Gabba mystery awaits Proteas
THE last time SA played a test in Brisbane, in 1963, pitch preparation wasn’t the science it has since become.
“Jack Farquhar cut the grass on the wicket with a scythe and he had a horse-drawn roller, so we’re doing well,” Kevin Mitchell junior, one of Farquhar’s successors as the Gabba’s groundsman, said Wednesday.
Scattered around Mitchell on the outfield was an array of high-tech equipment that would help him deliver another edition of what is either the fastest or the best pitch in test cricket — depending on who is asked.
That the 22 yards of turf Mitchell has been manicuring since 1991, when he took over the job from his father, is one of the most storied stretches of real estate in all of sport is undisputed.
Four totals higher than 600 have been recorded here, along with seven of less than 100.
In the inaugural test at the ground, against SA in 1931, Don Bradman scored 226 and the match went on for seven days after two of the scheduled days were washed out.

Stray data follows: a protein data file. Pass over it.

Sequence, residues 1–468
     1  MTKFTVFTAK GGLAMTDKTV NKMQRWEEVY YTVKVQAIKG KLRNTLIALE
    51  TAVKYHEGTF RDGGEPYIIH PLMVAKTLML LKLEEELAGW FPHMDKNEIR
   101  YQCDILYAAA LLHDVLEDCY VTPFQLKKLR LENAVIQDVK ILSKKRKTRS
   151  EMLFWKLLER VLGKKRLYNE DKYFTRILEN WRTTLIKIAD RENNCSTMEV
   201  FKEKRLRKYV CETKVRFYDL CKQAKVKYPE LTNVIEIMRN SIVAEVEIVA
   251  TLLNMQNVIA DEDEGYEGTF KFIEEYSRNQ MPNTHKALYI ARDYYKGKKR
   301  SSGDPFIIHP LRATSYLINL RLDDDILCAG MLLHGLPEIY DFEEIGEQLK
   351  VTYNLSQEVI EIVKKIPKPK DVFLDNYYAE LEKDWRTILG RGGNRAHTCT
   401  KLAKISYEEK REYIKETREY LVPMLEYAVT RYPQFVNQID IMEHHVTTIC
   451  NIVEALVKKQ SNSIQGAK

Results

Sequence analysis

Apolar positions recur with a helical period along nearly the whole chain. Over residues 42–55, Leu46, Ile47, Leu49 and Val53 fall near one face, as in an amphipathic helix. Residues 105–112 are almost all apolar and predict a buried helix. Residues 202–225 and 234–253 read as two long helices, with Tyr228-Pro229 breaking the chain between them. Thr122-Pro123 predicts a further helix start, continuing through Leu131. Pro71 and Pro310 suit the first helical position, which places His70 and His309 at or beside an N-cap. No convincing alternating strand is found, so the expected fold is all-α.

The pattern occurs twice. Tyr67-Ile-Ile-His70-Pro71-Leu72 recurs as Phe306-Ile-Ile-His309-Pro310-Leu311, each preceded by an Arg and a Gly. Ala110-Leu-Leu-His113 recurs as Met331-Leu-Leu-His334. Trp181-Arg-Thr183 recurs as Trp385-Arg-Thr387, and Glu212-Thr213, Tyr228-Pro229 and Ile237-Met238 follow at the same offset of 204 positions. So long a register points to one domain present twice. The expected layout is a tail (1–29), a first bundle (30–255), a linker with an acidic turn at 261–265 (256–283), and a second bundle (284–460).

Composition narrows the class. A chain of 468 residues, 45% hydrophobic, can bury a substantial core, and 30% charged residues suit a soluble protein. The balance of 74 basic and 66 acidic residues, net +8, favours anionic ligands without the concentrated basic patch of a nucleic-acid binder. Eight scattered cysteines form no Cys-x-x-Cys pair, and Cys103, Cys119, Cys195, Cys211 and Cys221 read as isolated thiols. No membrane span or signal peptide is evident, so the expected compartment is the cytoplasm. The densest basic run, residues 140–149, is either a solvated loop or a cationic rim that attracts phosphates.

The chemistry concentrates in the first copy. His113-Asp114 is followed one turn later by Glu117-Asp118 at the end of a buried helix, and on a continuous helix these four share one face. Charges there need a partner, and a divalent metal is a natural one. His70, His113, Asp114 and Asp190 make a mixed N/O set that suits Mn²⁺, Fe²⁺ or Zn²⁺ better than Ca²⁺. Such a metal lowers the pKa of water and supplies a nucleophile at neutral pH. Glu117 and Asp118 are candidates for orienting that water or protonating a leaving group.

It was here that Australia and West Indies played the famous tied test of 1960, and where Australia haven’t lost since 1988 — also against the Windies.
But, for the modern players, what matters most is that the Gabba has a reputation as a place where batsmen come to die and bowlers come to fly.
Not quite, according to Australian coach Mickey Arthur.
“This ground offers bounce, and bounce is a bowler’s best friend,” Arthur said. “You’ve still got to land it in the right area, and you’ve got to build enough pressure. But bounce gives you an opportunity.
“But once you’ve got through those first 20 balls it’s a beautiful place to bat as well.”
Mike Hussey wasn’t quite so forthcoming about what lay in wait for the South Africans.
“I don’t want to let out any secrets; I’d like them to find out for themselves,” he said. “They’re a class team and I’m sure they will adapt very quickly, but there are things that are different and unique about the Gabba. That’s a small advantage for us.”
Ricky Ponting couldn’t help but turn the screw in his ultra-competitive fashion.
“It’s always good to turn up at a venue where the team has had a great deal of success,” he said. “It adds a bit more positive vibe in our dressingroom, and it adds negative vibe in their dressingroom.
“It’s not as if the conditions are that foreign. It’s just the first test match of the summer in Australia and it takes that little bit of time to get used to what you’ve got here.
“We know the conditions well and we’ll play the conditions well. It will be interesting to see how SA adapt.”
Despite the ground’s reputation, a lack of rain in the build-up to the match could mean the pitch will flatten by the end of the second day and take turn on the last two days.